Late last month, the state Department of Revenue quietly made a significant change to employers’ tax filings regarding capital investments. This action is in response to the 100 percent bonus appreciation deduction that will be allowed under the federal Tax Cuts and Jobs Act. The decision reverses a Corbett-era policy that allowed for this deduction at the state level. It requires taxpayers who take advantage of capital investments – primarily for the purchase of new equipment to expand or improve production at their facilities – to reflect those purchases when filing their income taxes.
The history of the agency’s changes regarding depreciation dates back to 2002, when in the wake of a Congressionally-approved “bonus” depreciation of 30 percent, the General Assembly enacted legislation to allow the same level of depreciation, but spread it out over multiple years to deflect a hit to the state General Fund. With that move to decouple the state’s depreciation policy from the federal policy, the legislature was clear about its intent – it would help businesses take advantage of the change. Fast forward to 2011, when the Corbett administration’s Revenue Department allowed state policy to mirror federal approval of a 100 percent bonus deprecation. The new policy strips all that away and then some: it allows no depreciation until the asset is disposed of or sold.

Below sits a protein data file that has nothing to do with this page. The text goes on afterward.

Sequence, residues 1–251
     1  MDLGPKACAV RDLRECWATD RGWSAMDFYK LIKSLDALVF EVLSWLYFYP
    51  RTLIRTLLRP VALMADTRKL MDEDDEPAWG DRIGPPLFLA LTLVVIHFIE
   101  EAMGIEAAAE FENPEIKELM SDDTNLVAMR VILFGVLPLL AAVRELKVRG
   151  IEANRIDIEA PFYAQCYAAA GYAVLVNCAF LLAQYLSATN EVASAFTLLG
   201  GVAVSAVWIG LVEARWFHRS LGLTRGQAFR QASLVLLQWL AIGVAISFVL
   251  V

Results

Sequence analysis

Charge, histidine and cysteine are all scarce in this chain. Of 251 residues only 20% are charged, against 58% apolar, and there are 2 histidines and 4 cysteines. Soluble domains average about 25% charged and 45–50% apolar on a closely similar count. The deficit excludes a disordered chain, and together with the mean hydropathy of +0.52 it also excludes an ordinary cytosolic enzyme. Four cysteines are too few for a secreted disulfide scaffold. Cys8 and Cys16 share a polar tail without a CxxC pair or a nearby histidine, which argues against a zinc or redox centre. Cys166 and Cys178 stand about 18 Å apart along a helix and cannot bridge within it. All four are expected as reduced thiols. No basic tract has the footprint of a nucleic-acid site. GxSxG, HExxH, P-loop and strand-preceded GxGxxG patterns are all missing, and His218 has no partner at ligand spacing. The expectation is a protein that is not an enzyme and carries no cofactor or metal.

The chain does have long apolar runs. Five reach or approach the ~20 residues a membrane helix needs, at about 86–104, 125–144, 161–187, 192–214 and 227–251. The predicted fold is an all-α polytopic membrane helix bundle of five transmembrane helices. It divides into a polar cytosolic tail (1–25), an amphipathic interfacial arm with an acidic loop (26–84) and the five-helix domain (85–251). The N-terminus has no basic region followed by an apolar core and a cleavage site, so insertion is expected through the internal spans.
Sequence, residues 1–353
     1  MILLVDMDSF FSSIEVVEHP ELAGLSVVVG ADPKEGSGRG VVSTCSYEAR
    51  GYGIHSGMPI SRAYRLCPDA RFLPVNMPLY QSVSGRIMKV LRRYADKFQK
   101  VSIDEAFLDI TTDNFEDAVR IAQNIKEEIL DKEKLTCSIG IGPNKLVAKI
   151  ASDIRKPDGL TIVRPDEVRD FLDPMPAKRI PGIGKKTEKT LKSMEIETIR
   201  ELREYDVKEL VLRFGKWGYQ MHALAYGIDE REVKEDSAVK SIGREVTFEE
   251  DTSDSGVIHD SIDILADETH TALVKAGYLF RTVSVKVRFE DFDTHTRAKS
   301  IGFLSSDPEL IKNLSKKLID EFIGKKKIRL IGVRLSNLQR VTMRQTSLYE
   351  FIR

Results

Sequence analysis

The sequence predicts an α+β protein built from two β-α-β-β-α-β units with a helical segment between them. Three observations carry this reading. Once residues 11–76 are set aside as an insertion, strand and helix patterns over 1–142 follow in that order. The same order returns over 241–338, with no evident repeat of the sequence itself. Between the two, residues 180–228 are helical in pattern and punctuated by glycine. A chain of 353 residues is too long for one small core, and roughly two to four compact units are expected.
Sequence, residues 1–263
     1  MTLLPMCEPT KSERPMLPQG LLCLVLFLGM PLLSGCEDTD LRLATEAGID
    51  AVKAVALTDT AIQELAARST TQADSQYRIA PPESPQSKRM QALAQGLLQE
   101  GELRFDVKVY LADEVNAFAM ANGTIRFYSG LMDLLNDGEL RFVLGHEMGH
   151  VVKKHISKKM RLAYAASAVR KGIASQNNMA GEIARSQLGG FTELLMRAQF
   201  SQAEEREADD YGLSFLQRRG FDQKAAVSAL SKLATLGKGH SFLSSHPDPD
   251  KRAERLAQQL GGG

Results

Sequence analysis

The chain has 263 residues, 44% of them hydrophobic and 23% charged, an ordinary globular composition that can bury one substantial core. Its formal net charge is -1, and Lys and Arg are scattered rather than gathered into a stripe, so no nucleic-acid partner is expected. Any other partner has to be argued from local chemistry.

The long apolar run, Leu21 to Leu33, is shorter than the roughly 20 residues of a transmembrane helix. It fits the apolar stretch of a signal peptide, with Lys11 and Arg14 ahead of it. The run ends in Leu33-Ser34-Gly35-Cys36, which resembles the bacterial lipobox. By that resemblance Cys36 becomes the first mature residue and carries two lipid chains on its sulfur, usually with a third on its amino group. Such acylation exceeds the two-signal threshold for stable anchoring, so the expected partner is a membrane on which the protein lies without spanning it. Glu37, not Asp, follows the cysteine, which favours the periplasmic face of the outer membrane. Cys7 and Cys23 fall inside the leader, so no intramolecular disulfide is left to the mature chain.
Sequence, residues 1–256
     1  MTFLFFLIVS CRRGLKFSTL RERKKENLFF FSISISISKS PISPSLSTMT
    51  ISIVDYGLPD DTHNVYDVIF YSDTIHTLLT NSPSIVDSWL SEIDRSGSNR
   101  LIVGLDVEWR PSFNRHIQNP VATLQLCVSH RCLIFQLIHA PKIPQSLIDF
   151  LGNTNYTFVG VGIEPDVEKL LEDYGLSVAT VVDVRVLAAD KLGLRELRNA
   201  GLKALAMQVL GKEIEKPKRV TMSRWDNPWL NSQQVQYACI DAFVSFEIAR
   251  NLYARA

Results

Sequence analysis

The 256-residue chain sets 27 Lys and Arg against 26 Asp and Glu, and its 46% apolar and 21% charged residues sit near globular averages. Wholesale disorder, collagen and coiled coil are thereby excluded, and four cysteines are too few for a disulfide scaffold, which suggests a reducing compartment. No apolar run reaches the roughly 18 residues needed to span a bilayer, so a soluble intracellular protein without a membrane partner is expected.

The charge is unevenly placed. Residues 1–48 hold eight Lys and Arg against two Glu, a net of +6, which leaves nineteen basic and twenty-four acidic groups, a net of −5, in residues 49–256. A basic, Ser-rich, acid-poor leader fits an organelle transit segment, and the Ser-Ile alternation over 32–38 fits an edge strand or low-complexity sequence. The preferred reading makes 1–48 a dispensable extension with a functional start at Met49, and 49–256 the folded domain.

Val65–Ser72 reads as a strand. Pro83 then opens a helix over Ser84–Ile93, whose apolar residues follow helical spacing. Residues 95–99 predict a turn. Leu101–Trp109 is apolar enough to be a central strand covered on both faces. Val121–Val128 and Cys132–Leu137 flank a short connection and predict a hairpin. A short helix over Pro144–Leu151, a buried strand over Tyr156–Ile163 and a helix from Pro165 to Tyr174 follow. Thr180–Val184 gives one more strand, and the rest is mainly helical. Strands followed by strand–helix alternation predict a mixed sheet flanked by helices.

State Rep. Frank Ryan, R-Lebanon, has since announced his plans to introduce legislation that would reverse the Revenue Department’s action in order to help business owners take full advantage of the bonus depreciation benefits enumerated under the new federal tax reform law. In a co-sponsorship memo that was circulated early last week, Rep. Ryan decried the department’s actions. “Under [Revenue Corporate Tax Bulletin] 2017-2, in the best case scenario, a taxpayer gets no deduction until the asset is sold or disposed of. If the taxpayer has equipment that may be used indefinitely, it could effectively get no depreciation write-off in Pennsylvania. This draconian pronouncement essentially tells business owners ‘thanks, but no thanks, Pennsylvania is closed for business,” Ryan wrote. The legislation to reverse these provisions will be introduced in the near future.